E2F5 2
LIN28 2

At least 25 of the early-repressed genes contained LCSs in their 3′UTRs and likely represent direct let-7 targets. This set includes the cell cycle regulators CDK6, CDC25A, AURKA/STK6, CDCA7, the DNA synthesis regulator RRM2, and the transcription factors CBFB, PLAGL2, E2F6, SOX9, ZNF336, YAP1, GTF2I, and ARID3A. In addition, other cell cycle genes with LCSs in their 3′UTRs were repressed later than 36 hours (E2F5, CDC34, CCNF CCNJ) suggesting that later repressed genes are also direct let-7 targets. The non-LCS containing genes with altered expression upon let-7 addition are likely to be downstream genes indirectly affected by let-7 expression, perhaps as downstream targets of the transcription factors affected directly by let-7.

Example 7 Gene Pathways Altered by Hsa-Let-7 Expression in A549 and HepG2 Cells

miRNAs can directly affect mRNA levels of their target genes and will also directly affect protein levels following translational regulation upon binding to target mRNAs. Translational regulation leading to an up or down change in protein expression may lead to changes in activity and expression of downstream gene products and genes that are in turn regulated by those proteins. These regulatory effects would be revealed as changes in the global mRNA expression profile. The identity and nature of the cellular pathways affected by the regulatory cascade induced by hsa-let-7 expression were determined. Cellular pathway analysis was performed using Ingenuity Pathways Analysis (Ingenuity® Systems, Redwood City, Calif.). The most significantly affected pathways following over-expression of hsa-let7b in A549 and HepG2 cells are shown in Table 9.

TABLE 9
Significantly affected functional cellular pathways following hsa-let-7b over-expression
in A549 and HepG2 cells.
Functional Cellular Pathways Altered by hsa-let-7 Over-Expression
A549 HepG2
Amino Acid Metabolism Amino Acid Metabolism
Behavior
Cancer Cancer
Carbohydrate Metabolism Carbohydrate Metabolism
Cardiovascular Disease Cardiovascular Disease
Cardiovascular System Development and Cardiovascular System Development and Function
Function
Cell Cycle Cell Cycle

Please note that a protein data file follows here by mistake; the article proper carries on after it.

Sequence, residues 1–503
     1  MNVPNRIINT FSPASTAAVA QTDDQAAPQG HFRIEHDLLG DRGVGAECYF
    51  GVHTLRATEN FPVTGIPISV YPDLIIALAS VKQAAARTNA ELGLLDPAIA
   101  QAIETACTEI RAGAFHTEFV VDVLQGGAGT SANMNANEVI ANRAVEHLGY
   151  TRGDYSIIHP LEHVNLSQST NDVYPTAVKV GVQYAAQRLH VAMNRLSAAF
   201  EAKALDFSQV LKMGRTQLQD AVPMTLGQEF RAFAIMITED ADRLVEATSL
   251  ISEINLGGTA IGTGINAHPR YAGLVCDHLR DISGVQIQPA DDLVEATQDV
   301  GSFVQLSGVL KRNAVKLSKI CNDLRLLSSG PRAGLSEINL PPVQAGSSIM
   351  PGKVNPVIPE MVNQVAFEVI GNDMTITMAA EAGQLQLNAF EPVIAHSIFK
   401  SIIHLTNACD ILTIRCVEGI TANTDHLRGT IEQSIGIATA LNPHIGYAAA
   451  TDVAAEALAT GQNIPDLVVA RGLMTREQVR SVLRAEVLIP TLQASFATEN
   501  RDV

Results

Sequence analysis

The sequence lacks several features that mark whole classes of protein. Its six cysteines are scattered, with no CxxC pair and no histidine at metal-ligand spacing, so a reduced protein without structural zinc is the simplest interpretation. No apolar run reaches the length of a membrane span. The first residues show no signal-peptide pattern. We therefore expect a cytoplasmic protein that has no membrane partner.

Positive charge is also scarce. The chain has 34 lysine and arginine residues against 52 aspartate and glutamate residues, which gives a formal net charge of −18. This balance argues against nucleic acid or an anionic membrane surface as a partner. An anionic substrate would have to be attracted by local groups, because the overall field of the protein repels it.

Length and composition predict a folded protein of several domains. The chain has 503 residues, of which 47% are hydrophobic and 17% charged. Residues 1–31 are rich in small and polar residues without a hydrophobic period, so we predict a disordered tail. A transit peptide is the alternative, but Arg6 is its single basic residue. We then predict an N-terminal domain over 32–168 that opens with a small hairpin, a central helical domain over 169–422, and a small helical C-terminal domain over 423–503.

Cell Death Cell Death
Cell Morphology Cell Morphology
Cell Signaling Cell Signaling
Cell-To-Cell Signaling and Interaction Cell-To-Cell Signaling and Interaction
Cellular Assembly and Organization Cellular Assembly and Organization
Cellular Compromise Cellular Compromise
Cellular Development Cellular Development
Cellular Function and Maintenance Cellular Function and Maintenance
Cellular Growth and Proliferation Cellular Growth and Proliferation
Cellular Movement Cellular Movement
Cellular Response to Therapeutics
Connective Tissue Development and Connective Tissue Development and Function
Function
Connective Tissue Disorders Connective Tissue Disorders
Dermatological Diseases and Conditions Dermatological Diseases and Conditions
Developmental Disorder
Digestive System Development and Digestive System Development and Function
Function
DNA Replication, Recombination, and DNA Replication, Recombination, and Repair
Repair
Drug Metabolism Drug Metabolism
Embryonic Development Embryonic Development
Endocrine System Development and Endocrine System Development and Function
Function
Endocrine System Disorders Endocrine System Disorders
Free Radical Scavenging
Gastrointestinal Disease Gastrointestinal Disease
Gene Expression Gene Expression
Genetic Disorder Genetic Disorder
Hair and Skin Development and Function Hair and Skin Development and Function
Hematological Disease Hematological Disease
Hematological System Development and Hematological System Development and Function
Function
Hepatic System Development and Function Hepatic System Development and Function
Hepatic System Disease Hepatic System Disease
Immune and Lymphatic System Immune and Lymphatic System Development and
Development and Function Function
Immune Response Immune Response
Immunological Disease Immunological Disease
Infectious Disease
Inflammatory Disease Inflammatory Disease
Lipid Metabolism Lipid Metabolism
Metabolic Disease Metabolic Disease
Molecular Transport Molecular Transport
Nervous System Development and Nervous System Development and Function
Function
Neurological Disease Neurological Disease
Nucleic Acid Metabolism Nucleic Acid Metabolism
Ophthalmic Disease
Organ Development Organ Development
Organ Morphology Organ Morphology
Organismal Development Organismal Development
Organismal Functions Organismal Functions
Organismal Injury and Abnormalities Organismal Injury and Abnormalities
Organismal Survival
Post-Translational Modification
Protein Synthesis
Protein Trafficking Protein Trafficking
Renal and Urological Disease Renal and Urological Disease
Renal and Urological System Development Renal and Urological System Development and
and Function Function
Reproductive System Development and Reproductive System Development and Function
Function
Reproductive System Disease Reproductive System Disease
Respiratory Disease Respiratory Disease
Respiratory System Development and Respiratory System Development and Function
Function
RNA Damage and Repair
RNA Post-Transcriptional Modification
Skeletal and Muscular Disorders Skeletal and Muscular Disorders
Skeletal and Muscular System Skeletal and Muscular System Development and
Development and Function Function
Small Molecule Biochemistry Small Molecule Biochemistry
Tissue Development Tissue Development
Tissue Morphology Tissue Morphology
Tumor Morphology Tumor Morphology
Viral Function Viral Function
Viral Infection
Visual System Development and Function
Vitamin and Mineral Metabolism Vitamin and Mineral Metabolism